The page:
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2.1 billion people lack safe drinking water at home, more than twice as many lack safe sanitation

WHO, UNICEF release first global estimates for water, sanitation and hygiene for the Sustainable Development Goals  

14 JULY 2017| Dhaka |Bangladesh – Some 3 in 10 people worldwide, or 2.1 billion, lack access to safe, readily available water at home, and 6 in 10, or 4.4 billion, lack safely managed sanitation, according to a new report by the World Health Organization (WHO) and UNICEF.

The Joint Monitoring Programme report (JMP), Progress on Drinking Water, Sanitation and Hygiene: 2017 Update and Sustainable Development Goal Baselines, presents the first global assessment of “safely managed” drinking water and sanitation services. The overriding conclusion is that too many people still lack access, particularly in rural areas.

“Safe water, sanitation and hygiene at home should not be a privilege of only those who are rich or live in urban centres,” says Dr Tedros Adhanom Ghebreyesus, Director-General, World Health Organization. “These are some of the most basic requirements for human health, and all countries have a responsibility to ensure that everyone can access them.”

Billions of people have gained access to basic drinking water and sanitation services since 2000, but these services do not necessarily provide safe water and sanitation. Many homes, healthcare facilities and schools also still lack soap and water for handwashing.  This puts the health of all people – but especially young children – at risk for diseases, such as diarrhoea.

As a result, every year, 361 000 children under 5 years die due to diarrhoea. Poor sanitation and contaminated water are also linked to transmission of diseases such as cholera, dysentery, hepatitis A, and typhoid.

“Safe water, effective sanitation and hygiene are critical to the health of every child and every community – and thus are essential to building stronger, healthier, and more equitable societies,” said UNICEF Executive Director Anthony Lake. “As we improve these services in the most disadvantaged communities and for the most disadvantaged children today, we give them a fairer chance at a better tomorrow.”

To decrease global inequalities, the new SDGs call for ending open defecation and achieving universal access to basic services by 2030.

Of the 2.1 billion people who do not have safely managed water, 844 million do not have even a basic drinking water service. This includes 263 million people who have to spend over 30 minutes per trip collecting water from sources outside the home, and 159 million who still drink untreated water from surface water sources, such as streams or lakes.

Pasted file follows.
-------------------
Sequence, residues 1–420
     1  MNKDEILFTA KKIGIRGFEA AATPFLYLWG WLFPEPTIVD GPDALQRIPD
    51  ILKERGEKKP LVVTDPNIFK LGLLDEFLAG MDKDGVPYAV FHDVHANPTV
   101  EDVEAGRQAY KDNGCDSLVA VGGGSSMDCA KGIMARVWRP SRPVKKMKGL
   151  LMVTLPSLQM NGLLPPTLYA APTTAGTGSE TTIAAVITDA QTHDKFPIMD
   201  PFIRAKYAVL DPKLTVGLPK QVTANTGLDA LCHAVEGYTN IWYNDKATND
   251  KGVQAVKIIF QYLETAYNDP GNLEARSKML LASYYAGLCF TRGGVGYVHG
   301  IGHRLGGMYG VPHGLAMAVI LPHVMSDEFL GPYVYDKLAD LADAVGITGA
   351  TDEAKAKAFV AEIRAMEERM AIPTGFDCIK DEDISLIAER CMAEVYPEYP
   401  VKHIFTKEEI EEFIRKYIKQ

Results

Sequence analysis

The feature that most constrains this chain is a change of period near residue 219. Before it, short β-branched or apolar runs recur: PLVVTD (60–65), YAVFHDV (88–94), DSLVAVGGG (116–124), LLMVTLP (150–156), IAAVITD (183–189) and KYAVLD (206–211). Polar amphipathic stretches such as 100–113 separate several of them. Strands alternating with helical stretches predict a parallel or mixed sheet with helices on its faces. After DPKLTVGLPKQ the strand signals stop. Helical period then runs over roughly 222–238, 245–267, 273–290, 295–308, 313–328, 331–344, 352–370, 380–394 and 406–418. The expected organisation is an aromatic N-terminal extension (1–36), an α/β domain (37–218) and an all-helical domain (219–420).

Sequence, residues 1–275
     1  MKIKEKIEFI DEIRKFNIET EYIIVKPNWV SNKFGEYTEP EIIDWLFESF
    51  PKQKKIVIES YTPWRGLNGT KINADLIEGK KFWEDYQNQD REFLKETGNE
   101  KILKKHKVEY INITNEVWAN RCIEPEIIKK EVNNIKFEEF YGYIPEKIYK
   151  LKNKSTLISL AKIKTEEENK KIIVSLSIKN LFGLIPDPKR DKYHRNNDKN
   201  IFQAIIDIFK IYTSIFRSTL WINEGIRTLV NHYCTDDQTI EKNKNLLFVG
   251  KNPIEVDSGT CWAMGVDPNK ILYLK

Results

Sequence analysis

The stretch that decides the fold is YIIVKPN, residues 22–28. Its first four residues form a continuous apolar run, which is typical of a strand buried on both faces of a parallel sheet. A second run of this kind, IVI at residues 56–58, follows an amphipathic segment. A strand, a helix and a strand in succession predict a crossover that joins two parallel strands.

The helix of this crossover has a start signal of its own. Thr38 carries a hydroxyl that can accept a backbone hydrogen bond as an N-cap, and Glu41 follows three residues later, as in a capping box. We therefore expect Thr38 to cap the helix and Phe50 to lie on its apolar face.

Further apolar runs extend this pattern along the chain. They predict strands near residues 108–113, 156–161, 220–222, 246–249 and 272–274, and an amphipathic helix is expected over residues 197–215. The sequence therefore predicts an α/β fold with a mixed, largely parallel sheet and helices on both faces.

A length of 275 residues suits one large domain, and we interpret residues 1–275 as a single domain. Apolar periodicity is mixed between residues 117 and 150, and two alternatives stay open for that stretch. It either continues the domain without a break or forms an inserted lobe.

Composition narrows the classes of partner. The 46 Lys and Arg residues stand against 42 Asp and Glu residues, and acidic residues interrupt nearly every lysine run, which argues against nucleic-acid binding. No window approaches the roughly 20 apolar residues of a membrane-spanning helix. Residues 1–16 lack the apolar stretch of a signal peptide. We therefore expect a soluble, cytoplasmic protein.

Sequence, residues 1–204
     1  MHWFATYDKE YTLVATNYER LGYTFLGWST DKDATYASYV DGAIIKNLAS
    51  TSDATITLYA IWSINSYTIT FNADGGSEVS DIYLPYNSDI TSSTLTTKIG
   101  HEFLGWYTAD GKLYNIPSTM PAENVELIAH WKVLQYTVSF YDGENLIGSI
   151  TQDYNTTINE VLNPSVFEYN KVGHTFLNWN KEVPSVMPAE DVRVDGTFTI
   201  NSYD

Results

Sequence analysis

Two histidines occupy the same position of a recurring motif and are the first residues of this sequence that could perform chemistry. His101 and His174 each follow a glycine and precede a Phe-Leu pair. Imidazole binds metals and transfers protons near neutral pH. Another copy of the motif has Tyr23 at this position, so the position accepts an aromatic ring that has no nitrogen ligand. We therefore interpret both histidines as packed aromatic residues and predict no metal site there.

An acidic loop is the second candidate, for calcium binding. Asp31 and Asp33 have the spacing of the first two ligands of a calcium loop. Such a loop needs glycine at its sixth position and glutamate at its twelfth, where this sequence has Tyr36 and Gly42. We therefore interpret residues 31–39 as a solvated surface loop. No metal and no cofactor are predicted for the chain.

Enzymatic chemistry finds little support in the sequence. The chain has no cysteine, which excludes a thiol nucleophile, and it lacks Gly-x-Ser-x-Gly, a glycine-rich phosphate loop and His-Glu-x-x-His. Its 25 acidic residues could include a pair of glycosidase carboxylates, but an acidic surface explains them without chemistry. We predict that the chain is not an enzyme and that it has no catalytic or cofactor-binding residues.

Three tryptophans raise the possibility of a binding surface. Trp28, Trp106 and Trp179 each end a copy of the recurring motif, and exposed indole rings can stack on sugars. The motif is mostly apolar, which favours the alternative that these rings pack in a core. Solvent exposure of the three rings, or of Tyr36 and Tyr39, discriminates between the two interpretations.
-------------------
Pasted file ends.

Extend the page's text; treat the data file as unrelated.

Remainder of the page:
The report shows that 97% people in Bangladesh have access to basic water supply, according to the MDG indicator for water. This is a significant achievement for the country with a large population and many challenges. The report also shows the SDG benchmark indicators, which are much more stringent than the MDG indicators. Access to safely managed water is 56% for Bangladesh, meaning 71 million people do not have safely managed water. This includes arsenic and bacteriological contamination, which was not measured under the MDGs.

In 90 countries, progress towards basic sanitation is too slow, meaning they will not reach universal coverage by 2030.

Of the 4.4 billion people who do not have safely managed sanitation, 2.3 billion still do not have basic sanitation services. This includes 600 million people who share a toilet or latrine with other households, and 892 million people – mostly in rural areas – who defecate in the open. Due to population growth, open defecation is increasing in sub-Saharan Africa and Oceania.

The JMP report indicates that Bangladesh is open defecation free, based on the projected estimate from the MICS 2013. However, the MICS 2018 is expected to show that less than 2 per cent people practice open defecation, also an incredible achievement down from 18 per cent in 2000. The SDG measure for sanitation poses new challenges as well and the indicator is referred to as ‘safely managed sanitation’. It includes the monitoring of the final disposal of human waste. Like many developing countries, this figure is currently unavailable for Bangladesh. The report states that in rural areas only 32% people have safely managed sanitation, setting a massive challenge for the country to meet the SDG target of 100% by 2030.

Good hygiene is one of the simplest and most effective ways to prevent the spread of disease. For the first time, the SDGs are monitoring the percentage of people who have facilities to wash their hands at home with soap and water.  According to the new report, access to water and soap for handwashing varies immensely in the 70 countries with available data, from 15 per cent of the population in sub-Saharan Africa to 76 per cent in western Asia and northern Africa. It is benchmarked as 40% for Bangladesh.

Overall, this new report shows that although Bangladesh has made considerable gains over the past 17 years in achieving water and sanitation goals, much needs to be done by 2030 to achieve the SDGs.

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